Wherever Dr. Susan "I Need Another Job" Lewis is, it's dark. The lights are off. She's exiting the room of an apparent chronic masturbator who, she says, needs to use lotion or else "he's literally going to jerk it off." Her parents must be so proud. Jerry says that the paramedics are bringing in a fall victim; she brays that he needs to call the idiots in Engineering to come fix the lights. On cue, the lights flicker back on, and Susan rolls her eyes. Suddenly, a curly-haired blonde bursts in and screams, "Nobody panic!" Thanks for that. Because I was totally about to freak out about the ER being too quiet. Susan makes a crack about the nuts coming out when the sun goes down, and the double meaning to that last sentence just had me giggling so hard that I had to stop typing for five minutes. I am so easy. Which bodes poorly for the show, given that it doesn't really entertain me nearly as much. Dr. Kerry "Weavus? What Weavus?" Weaver appears next to Susan, trying to sound totally controlled but looking quite tense. "Are we ready for him?" she asks. "Who?" Susan asks. After a dramatic pause, Kerry intones, "The alderman." Pause again. People, he's not the president. He's not a mob leader. He's not even the president of the local chapter of the NAACP, here to investigate why men of color here are relegated to being either doormats (Gallant) or assbags (Pratt). No, he's just a city councilman. Bully for him, and all, but he's not so important that I'd let him eat cookies in bed without sharing.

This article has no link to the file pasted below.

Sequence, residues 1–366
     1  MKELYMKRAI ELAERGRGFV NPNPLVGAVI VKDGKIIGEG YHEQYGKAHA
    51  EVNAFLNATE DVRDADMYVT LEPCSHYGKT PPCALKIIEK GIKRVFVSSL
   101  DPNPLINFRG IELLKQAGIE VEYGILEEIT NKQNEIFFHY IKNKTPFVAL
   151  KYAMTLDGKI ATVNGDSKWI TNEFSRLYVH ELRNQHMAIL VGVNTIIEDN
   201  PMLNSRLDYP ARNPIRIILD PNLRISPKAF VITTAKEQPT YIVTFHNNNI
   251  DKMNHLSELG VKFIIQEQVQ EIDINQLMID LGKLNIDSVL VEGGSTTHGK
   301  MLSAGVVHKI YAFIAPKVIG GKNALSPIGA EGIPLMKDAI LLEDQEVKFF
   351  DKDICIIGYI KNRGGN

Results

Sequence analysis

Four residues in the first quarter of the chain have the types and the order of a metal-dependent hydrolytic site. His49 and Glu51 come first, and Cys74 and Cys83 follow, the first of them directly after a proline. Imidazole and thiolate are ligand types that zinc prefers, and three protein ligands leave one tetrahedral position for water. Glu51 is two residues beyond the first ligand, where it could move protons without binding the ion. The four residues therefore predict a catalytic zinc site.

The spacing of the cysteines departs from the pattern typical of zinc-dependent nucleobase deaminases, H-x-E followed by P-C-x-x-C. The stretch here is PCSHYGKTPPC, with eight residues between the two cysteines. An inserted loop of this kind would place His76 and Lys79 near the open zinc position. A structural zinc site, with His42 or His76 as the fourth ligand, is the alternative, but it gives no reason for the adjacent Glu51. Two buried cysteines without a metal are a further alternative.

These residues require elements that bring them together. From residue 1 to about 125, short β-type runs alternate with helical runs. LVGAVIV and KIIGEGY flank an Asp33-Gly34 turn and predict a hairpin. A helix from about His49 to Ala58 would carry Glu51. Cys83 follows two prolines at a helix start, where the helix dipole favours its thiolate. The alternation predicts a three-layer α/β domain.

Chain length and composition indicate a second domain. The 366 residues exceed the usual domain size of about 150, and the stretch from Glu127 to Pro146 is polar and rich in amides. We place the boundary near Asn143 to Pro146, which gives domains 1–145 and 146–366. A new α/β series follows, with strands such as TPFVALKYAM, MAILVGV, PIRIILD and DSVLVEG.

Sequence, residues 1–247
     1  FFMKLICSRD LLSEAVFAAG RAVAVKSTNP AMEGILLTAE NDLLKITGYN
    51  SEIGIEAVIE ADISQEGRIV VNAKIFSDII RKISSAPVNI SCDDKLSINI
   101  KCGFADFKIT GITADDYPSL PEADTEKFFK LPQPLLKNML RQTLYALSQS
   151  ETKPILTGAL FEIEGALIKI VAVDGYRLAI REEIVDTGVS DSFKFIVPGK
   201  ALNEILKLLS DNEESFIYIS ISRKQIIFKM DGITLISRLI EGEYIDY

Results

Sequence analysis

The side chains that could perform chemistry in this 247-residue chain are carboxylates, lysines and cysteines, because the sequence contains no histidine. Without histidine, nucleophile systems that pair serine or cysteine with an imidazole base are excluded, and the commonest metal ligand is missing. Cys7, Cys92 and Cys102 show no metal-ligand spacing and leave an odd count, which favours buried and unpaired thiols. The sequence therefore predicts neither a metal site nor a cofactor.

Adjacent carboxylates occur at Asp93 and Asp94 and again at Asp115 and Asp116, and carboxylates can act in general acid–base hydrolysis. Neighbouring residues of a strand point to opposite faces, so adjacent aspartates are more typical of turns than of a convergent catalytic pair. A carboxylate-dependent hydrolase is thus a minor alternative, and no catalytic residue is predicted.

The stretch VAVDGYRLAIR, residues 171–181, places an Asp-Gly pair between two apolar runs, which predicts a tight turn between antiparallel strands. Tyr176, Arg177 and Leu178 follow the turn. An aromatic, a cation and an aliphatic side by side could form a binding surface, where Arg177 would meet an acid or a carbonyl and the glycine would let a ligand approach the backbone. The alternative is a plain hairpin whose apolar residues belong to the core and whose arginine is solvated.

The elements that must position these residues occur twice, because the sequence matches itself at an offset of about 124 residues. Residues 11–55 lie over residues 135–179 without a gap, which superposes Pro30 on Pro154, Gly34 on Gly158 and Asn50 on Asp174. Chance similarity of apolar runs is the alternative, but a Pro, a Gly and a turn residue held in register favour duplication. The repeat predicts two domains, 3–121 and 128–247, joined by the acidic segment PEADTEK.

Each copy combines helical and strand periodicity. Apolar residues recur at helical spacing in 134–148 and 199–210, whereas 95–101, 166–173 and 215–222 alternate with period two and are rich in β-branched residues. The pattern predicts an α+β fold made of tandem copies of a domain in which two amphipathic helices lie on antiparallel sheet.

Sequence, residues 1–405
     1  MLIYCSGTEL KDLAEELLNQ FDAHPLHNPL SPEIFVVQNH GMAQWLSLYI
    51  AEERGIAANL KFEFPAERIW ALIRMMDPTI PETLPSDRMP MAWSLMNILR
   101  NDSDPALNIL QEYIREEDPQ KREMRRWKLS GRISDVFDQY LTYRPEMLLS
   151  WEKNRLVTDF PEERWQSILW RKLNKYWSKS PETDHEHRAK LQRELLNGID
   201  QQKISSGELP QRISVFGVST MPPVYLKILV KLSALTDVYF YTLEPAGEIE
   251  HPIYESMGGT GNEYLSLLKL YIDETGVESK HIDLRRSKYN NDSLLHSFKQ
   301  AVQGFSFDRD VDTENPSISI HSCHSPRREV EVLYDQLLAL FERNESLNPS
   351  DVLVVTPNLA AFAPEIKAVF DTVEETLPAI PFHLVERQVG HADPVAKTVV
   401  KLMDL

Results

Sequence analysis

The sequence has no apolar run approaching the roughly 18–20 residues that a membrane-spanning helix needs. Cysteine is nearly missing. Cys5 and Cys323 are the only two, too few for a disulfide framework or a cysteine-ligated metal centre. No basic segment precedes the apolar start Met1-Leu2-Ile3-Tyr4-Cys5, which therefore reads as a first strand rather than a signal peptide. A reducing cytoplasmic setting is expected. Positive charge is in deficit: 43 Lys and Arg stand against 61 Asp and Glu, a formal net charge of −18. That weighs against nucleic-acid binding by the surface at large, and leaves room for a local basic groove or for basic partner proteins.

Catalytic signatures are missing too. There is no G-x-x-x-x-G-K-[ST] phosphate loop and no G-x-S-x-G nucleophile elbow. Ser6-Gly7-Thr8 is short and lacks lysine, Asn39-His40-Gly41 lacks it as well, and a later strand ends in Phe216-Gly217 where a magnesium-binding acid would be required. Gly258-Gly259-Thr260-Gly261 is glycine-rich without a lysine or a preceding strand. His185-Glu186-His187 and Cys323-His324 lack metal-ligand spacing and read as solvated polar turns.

The paramedics burst in with the alderman on a gurney, accompanied by the same freaked-out blonde. The press is clamoring to get inside, and failing. The alderman is John Bright, and he took an eight-foot fall off a stage. "It was a dais," his assistant corrects. Well, that changes everything. Weaver muscles her way up to Bright's head and coos, "Alderman, it's an honor to have you here." Such an honor that he can cure the grief of a miscarriage. Maybe he's some kind of magic alderman. Maybe, if he'd been here last week, he could've pulled another Weavus out of a hat. Speaking of, I'm really going to miss the Weavus. I feel like somehow, the Weavus was meant to come to us as the counteragent to Rex the Wonder Preemie -- sort of a Battle of the Plastic Fetuses, or little matching angel and devil babies to perch on patients' shoulders. I guess that dream will never be.